David Brainerd lived a short life but accomplished much for the glory of God. He was born on April 20th, 1718 and experienced heartache at age nine when his father died and only fourteen at his mother’s death. As he dealt with the brevity of life and the absence of his parents, he admitted that he struggled with emotional ups and downs for the remainder of his life. The trends of his life are well documented in his partial diary that was published posthumously by his friend, mentor, and encourager Jonathan Edwards (1703-1758).
Perhaps the most important turning point of his life was when the leaders of Yale College refused to grant him his degree. The allegations involved an incident surrounding his criticism of a College leader and his involvement in unapproved meetings during the “Great Awakening.” Many of his friends including Edwards came to New Haven to lend their support of his graduation but until the day of his death he was a preacher and a missionary without a diploma.
As a missionary to the Indians, Brainerd suffered many hardships and illnesses in the primitive living conditions he endured. However, he knew his calling and had a sense of duty to fulfill his providential ministry. Norman Pettit surmised, “In contrast to Edwards’ joy in summer is Brainerd’s fear of winter.” Even though “fear” might not be the most accurate assessment, perhaps the word “concern” would capture the thoughts of Brainerd as he contemplated braving the elements during a New England winter.
A conceivable positive thought regarding his missionary travels was the committed financial support he received from the Society in Scotland for Propagating Christian Knowledge. Nevertheless, in less than two decades the meteorological conditions and exposure to disease would ultimately take its toll upon David Brainerd.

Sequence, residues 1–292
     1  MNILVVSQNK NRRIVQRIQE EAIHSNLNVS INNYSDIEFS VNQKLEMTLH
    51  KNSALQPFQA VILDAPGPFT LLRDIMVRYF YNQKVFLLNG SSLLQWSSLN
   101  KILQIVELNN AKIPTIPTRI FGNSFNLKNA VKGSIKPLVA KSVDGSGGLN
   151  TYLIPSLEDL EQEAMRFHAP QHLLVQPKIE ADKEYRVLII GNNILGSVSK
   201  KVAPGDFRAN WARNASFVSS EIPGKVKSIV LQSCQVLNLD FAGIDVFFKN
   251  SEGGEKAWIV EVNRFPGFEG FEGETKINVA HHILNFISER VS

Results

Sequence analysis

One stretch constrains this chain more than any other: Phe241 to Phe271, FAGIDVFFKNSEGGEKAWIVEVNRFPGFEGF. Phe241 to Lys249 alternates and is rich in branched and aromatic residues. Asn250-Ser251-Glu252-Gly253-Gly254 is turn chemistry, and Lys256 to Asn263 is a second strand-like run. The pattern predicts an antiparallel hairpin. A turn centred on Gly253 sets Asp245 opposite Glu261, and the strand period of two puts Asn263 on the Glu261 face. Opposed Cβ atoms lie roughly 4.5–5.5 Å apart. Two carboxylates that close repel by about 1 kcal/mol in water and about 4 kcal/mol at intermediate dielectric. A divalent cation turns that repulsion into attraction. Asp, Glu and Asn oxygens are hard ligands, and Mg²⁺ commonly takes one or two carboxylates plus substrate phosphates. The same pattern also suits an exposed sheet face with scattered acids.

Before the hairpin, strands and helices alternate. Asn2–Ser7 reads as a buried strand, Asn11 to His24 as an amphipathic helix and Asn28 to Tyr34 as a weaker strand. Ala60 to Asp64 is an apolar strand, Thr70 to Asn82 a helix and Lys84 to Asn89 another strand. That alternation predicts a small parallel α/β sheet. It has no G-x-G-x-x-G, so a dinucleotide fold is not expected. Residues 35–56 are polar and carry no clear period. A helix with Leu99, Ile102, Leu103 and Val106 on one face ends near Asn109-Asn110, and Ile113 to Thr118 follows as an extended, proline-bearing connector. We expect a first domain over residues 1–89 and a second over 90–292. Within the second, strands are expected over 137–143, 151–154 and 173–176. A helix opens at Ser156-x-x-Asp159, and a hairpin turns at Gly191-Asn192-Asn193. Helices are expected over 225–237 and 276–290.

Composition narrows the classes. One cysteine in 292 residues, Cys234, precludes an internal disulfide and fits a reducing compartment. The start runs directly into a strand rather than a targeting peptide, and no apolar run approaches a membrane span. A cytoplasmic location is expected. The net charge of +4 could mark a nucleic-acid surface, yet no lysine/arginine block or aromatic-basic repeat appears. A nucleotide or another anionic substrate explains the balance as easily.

Before his death, Brainerd ended up at the Edwards home in Northampton and was nursed by Jerusha Edwards. On October 9th, 1747 at the age of 29, he joyfully entered his heavenly home.
Due to pieces of information and because of Brainerd’s desire to dispose of some personal notes, many have offered conjecture regarding the degree of affection between David and Jerusha. Perhaps the inquisitiveness surrounding their relationship has to do not only with the lack of historical information but also because Jerusha died shortly after Brainerd and their Northampton graves remain engraved and nestled for all to see. Their story has a few pieces of the puzzle but the mystery is exacerbated by the lack of details and continues to thrust the curiosity forward. Nevertheless, we do have adequate information from the extant sections of the diary to conclude that David Brainerd lived a brief life and achieved much for the glory of God!~TKE~